Anton Yelchin

Review: ‘Love, Antosha’ Documentary

An absolute one of a kind … with Anton, they broke the mold.

Frank Langella, House of D

When one hears the name Anton Yelchin, they might think about Star Trek, Charlie Bartlett, or Alpha Dog. In sitting down to watch this documentary, I truly didn’t know what I was in for. This extraordinary documentary not only highlighted the genius of Anton’s every growing thirst to better his work but also the beautiful and sometimes dark side of that genius that we have never seen before. 

Check Out The Love, Antosha Trailer

Anton’s Childhood

His parents emigrated

A Google search can tell you his parents emigrated here for a better life when he was only six months old. They sold all their possessions and moved to America with only $6,000, escaping the violence and poverty in their homeland. What Google can’t tell you, or show you as this film has, is this immense love Anton and his parents had for one another. He was always writing cards and songs for his mom.

Anton immersed himself in the arts

They spent everyday encouraging him to be everything he wanted to be. He learned to play guitar. His father, Frank pointed out that he was “always learning.” He immersed himself in film and started tuning his craft before most of us even know what we want to do with our lives. And most of that time, he didn’t even know he was living with a terminal illness. For his parents loved him so much, they didn’t want him to ever feel limited by anything. 

“Acting is his best medicine”

Knowing he would have a shorter life expectancy, his mother and father wanted him to live, truly live, uninhabited and that’s what he did. They believed that “acting is his best medicine” because through all the auditions and the acting, he never got sick on set. He looked as any other boy his age, full of life. When he no longer wanted to do commercials, film being his first love, his mother started finding opportunities in cinema for him. It seemed everyone that came across him even as such a young actor could see he had more professionalism and love for the art than many seasoned actors. He pushed the mental, physical, emotional bounds of any normal even relatively healthy person to accomplish 69 film and TV credits in just 27 years of life. It wasn’t until later in life that Anton found out about his illness.

The Diagnosis That Could Have Changed Everything

After pushing himself too hard with work in 2007, Anton ended up in the hospital. His parents along with the help of doctors had to break the news to him. Anton was living with cystic fibrosis. The moment his parents had been dreading for years had come. He now knew of his diagnosed limitations. But the strength and unbreakable spirit that his parents had nurtured for years refused to give up. He refused to let it define him.

So, instead, he chose to stay quiet about it. So much so, that out of the 60+ interviews conducted for the documentary, not a single person knew of Anton’s daily struggles. He never wanted anyone to feel sorry for him. He didn’t want to be treated differently. Everything he earned, he earned on merit, not pity and I imagine there was some fear that it could change. He worried that because of his condition he might not be able to find work. So he continued to get treatments in secret, only a handful of people knowing, and those few people created a powerful support system for Anton not only fight through each day dealing with this illness but also to live his days to their fullest.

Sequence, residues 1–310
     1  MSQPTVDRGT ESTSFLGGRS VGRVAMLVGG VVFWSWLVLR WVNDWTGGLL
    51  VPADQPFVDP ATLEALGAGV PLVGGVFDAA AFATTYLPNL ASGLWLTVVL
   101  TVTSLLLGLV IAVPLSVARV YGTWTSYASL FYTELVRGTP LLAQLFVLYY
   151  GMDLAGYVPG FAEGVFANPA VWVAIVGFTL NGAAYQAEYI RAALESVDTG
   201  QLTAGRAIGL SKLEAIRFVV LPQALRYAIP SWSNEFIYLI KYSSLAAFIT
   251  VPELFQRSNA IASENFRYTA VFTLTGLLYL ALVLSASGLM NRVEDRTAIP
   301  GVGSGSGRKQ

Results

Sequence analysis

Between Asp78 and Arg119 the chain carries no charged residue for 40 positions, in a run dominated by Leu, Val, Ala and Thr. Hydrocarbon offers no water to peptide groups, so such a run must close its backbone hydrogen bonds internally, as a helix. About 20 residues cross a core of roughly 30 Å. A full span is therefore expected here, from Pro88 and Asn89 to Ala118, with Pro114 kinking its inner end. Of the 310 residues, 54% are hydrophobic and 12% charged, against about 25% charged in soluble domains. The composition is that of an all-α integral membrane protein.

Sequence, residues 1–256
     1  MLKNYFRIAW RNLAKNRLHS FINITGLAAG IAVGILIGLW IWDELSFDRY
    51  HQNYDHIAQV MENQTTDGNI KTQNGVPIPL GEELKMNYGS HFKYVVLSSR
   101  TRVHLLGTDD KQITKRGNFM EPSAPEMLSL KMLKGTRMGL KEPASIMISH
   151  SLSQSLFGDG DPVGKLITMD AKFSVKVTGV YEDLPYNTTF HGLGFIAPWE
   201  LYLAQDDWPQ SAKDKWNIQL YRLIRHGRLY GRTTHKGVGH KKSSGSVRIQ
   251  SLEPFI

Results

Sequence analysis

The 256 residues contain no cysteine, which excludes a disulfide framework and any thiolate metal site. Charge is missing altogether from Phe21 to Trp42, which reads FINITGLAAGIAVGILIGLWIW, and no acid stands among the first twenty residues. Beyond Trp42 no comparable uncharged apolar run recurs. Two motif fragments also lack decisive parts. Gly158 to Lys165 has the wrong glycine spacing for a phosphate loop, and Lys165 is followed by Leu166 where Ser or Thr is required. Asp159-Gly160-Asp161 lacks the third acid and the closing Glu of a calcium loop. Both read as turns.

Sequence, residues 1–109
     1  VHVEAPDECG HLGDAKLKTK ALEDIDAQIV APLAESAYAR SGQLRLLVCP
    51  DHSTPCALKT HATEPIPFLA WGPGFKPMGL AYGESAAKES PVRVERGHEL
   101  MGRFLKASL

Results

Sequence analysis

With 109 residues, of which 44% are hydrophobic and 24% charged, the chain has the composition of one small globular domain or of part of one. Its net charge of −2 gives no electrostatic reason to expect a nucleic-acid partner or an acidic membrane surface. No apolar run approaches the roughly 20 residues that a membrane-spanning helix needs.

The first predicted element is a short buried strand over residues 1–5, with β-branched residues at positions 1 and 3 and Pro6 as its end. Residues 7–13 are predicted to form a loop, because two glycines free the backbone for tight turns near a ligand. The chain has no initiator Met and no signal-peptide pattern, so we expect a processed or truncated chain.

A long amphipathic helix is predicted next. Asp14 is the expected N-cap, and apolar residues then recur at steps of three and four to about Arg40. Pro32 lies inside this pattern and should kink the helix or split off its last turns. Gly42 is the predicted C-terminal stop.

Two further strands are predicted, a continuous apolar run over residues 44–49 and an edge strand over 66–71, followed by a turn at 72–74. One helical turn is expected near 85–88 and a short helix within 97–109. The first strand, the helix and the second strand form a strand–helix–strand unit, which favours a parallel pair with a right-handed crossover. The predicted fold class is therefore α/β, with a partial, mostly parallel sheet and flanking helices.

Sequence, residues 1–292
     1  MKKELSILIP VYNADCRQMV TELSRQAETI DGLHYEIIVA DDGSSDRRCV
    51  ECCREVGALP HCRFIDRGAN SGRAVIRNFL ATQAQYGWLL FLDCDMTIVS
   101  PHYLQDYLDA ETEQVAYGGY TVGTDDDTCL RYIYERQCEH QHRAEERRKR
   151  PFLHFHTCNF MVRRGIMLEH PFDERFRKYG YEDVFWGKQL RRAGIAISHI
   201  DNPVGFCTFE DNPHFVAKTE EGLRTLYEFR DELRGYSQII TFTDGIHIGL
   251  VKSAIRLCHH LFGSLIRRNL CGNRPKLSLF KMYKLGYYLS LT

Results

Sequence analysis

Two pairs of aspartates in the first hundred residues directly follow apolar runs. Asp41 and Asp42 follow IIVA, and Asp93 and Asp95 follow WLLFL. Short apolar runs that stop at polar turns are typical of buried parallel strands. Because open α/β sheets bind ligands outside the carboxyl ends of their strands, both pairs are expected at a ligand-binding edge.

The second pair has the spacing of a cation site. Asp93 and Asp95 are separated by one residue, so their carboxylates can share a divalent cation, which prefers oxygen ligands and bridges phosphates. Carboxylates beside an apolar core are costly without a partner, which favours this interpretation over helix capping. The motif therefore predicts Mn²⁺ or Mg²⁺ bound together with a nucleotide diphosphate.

The Impact He Left On The World

Some of the wonderful things spoken about Anton throughout the film brought me to tears. It really showed how much of a loss it was to lose such a genuine true talent and soul. Frank Langella, an actor from House of D, said that Anton is “an absolute one of a kind … with Anton they broke the mold.” William Defoe called him “practical and pragmatic,” Martin Landau described him as “an old soul.” His dear friend and co-star from Star Trek spoke more on the darker side of Anton’s struggles.

When talking about Anton’s photography stage, Chris Pine said that with Anton “life is art, art is life” and really pointed out his genius not only in his acting but every artistic medium he seemed to touch. I think the professional relationship interview that got me the most was when J.J. Abrams openly admits that Anton “kind of challenged us to be as good as he was” … a theme that kept recurring in almost every personal interview picked for the film. He had something that the world so rarely sees. Which is why it was so very tragic that we only got a short time with him. 


From learning about Anton’s early childhood to his tragic and unfair passing, this film not only inspires one to be better every day but also emphasizes the fact that life is indeed too short. Though his family, a few select friends, and himself knew that he had a short life expectancy, they watched him live his life as fully as possible. His strength, courage, and unstoppable force are obviously so very missed by everyone that had the privilege of knowing him but also now, the world through this film. It was insightful. It was beautiful. It was heartbreaking. I cannot wait to watch it again.

Thank you for everyone involved with this project. Thank you to Anton’s parents for opening up and talking about something so heartbreaking yet also beautiful. Thank you Garret Price for creating something that will speak to generations to come about the power of knowledge, strength, and never giving up.

Featured image credit: Lurker Productions

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